The House bill would end the estate tax after 2024. The Senate bill would keep it, instead doubling the current exemption for individuals to $11 million. The approach that prevails in the final version of the bill is unknown for now.
Both the Times and NBC estimated that the House version of the estate tax could save Trump more than $1.1 billion. Neither analysis looked specifically at the Senate’s version; that approach would likely provide Trump with some savings, but on a much smaller scale. (It’s worth noting that any potential savings from the estate tax would come only after the death of Trump or his wife Melania, presumably years down the road.)
Trump’s possible gains from the bill are hardly unique for the wealthiest Americans.
According to analysis of the Senate bill by the Joint Committee on Taxation, American households with incomes in excess of $1 million -- a threshold Trump is almost certainly far above -- would see a tax savings of $41,819 in 2019 and $36,259 in 2017.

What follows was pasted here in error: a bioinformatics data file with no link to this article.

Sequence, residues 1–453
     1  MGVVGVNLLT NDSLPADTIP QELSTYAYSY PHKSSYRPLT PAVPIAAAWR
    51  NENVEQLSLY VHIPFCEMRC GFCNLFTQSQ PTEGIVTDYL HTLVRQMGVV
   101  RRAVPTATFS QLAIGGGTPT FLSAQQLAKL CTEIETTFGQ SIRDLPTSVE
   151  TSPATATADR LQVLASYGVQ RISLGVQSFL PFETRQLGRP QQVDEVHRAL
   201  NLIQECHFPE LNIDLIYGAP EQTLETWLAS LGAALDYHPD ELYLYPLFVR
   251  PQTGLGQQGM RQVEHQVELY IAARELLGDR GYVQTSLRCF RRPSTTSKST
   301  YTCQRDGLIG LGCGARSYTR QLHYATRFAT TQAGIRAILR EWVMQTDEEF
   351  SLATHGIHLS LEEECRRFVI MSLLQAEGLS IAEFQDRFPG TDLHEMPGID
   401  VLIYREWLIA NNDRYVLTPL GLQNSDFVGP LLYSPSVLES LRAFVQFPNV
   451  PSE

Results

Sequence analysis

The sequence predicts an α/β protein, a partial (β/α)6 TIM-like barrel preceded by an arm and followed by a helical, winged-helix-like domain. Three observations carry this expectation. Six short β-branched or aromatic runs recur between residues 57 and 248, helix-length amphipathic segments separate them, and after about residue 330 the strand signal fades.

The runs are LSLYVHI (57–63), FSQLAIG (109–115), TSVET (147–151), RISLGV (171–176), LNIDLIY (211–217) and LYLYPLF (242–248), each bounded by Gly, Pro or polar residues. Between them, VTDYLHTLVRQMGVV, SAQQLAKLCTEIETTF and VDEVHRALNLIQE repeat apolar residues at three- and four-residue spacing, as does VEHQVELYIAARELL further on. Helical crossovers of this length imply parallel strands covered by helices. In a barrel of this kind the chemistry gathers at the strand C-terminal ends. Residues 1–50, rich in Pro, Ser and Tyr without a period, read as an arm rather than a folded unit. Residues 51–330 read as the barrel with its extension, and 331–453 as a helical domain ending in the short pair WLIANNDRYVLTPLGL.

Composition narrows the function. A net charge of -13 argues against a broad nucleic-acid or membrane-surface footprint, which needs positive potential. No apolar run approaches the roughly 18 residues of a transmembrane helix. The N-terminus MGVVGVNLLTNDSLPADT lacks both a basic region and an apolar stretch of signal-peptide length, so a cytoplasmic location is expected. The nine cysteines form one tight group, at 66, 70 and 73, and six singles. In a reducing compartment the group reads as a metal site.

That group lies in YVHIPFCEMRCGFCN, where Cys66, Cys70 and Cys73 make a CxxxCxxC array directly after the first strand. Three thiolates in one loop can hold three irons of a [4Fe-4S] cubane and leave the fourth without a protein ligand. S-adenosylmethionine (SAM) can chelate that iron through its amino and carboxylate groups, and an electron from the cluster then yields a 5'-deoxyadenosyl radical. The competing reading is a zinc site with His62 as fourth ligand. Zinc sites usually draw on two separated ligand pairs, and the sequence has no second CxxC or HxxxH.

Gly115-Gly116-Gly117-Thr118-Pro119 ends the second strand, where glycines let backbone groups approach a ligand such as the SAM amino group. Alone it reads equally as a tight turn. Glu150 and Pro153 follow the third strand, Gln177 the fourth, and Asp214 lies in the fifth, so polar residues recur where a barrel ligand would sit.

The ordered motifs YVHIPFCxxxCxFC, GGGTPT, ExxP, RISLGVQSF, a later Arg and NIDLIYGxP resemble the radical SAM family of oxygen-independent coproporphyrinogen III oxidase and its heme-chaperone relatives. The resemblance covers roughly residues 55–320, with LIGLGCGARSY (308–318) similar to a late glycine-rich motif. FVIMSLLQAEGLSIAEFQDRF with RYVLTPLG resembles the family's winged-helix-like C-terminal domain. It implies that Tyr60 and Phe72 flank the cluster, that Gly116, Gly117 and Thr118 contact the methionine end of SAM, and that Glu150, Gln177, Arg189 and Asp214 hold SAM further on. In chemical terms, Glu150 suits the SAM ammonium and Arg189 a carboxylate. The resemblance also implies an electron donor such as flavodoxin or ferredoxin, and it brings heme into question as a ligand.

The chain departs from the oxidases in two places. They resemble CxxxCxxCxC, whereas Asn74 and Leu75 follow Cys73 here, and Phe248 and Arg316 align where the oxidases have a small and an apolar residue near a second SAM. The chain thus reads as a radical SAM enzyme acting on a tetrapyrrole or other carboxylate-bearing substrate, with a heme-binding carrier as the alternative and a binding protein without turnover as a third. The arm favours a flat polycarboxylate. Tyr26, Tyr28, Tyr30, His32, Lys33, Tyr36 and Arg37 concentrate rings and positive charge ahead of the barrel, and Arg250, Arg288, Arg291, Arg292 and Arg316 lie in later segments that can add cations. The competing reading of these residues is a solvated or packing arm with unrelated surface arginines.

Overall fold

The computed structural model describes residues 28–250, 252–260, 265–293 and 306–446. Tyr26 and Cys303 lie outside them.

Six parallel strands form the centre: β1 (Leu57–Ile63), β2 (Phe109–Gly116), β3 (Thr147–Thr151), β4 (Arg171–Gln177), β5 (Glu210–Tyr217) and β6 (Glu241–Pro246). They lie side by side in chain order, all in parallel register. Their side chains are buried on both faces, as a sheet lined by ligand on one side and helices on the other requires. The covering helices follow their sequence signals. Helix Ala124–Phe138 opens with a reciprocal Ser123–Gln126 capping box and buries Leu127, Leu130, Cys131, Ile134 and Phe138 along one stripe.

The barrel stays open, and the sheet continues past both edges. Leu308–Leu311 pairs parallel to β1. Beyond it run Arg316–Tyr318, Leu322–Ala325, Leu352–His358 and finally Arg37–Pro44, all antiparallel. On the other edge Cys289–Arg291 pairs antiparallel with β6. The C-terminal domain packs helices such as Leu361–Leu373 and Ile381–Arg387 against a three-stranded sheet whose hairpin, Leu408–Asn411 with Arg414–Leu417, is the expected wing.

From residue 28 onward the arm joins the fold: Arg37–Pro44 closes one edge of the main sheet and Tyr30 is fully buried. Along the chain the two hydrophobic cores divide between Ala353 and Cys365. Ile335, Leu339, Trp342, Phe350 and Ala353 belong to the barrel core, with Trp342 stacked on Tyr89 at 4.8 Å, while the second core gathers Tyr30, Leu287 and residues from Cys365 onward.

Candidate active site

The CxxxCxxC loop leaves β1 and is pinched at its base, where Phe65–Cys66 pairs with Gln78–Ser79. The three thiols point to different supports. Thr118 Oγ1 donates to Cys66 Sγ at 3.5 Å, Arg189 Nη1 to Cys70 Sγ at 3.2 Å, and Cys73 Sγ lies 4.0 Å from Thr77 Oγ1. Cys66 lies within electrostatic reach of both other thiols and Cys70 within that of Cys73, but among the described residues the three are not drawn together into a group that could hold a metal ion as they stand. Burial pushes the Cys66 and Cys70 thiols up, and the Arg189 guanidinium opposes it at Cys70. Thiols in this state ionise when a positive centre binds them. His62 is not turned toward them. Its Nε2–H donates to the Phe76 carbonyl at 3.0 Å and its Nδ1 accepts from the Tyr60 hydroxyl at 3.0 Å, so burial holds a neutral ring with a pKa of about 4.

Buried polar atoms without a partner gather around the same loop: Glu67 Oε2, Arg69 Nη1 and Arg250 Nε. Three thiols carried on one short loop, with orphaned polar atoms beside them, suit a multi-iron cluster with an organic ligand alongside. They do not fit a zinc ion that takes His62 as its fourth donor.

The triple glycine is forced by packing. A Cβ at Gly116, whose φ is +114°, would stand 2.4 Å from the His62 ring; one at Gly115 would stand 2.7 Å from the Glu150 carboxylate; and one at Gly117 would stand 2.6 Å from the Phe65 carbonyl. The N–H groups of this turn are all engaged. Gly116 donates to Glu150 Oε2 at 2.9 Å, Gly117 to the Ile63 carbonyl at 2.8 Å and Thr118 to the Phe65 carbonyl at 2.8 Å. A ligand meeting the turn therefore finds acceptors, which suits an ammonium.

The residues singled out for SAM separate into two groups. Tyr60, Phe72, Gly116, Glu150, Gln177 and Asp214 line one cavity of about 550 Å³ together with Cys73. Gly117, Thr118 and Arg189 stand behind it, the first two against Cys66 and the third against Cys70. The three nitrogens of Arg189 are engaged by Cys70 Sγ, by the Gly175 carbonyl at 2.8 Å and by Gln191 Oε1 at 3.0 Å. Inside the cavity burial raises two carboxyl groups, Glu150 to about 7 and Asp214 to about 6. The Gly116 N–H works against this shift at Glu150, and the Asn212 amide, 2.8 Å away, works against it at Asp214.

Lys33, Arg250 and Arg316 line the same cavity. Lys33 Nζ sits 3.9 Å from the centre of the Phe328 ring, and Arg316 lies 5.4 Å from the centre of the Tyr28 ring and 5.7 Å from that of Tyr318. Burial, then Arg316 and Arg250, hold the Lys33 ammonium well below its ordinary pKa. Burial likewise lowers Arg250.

And an analysis by an independent group, the Urban Institute-Brookings Institution Tax Policy Center, estimated that for the top one-tenth of 1 percent of earners -- those with incomes of at least $3,439,900 -- 72 percent would see tax cuts and 28 would see a tax increase in 2018. The average tax cut for this group would be $174,620 in 2018.
Trump said, "This (tax bill) is going to cost me a fortune, this thing -- believe me. Believe me, this is not good for me."
While there is uncertainty about the exact scale of Trump’s potential gains -- both because of the lack of a final version of the bill and because of big gaps in the public knowledge about his personal finances -- either of the GOP bills would almost certainly give Trump a big windfall.
Two independent analyses suggest that it could be in the low tens of millions of dollars immediately. His family also could get as much as $1.1 billion over the longer term if the estate tax is fully repealed, as the House bill would do.
We rate the statement False.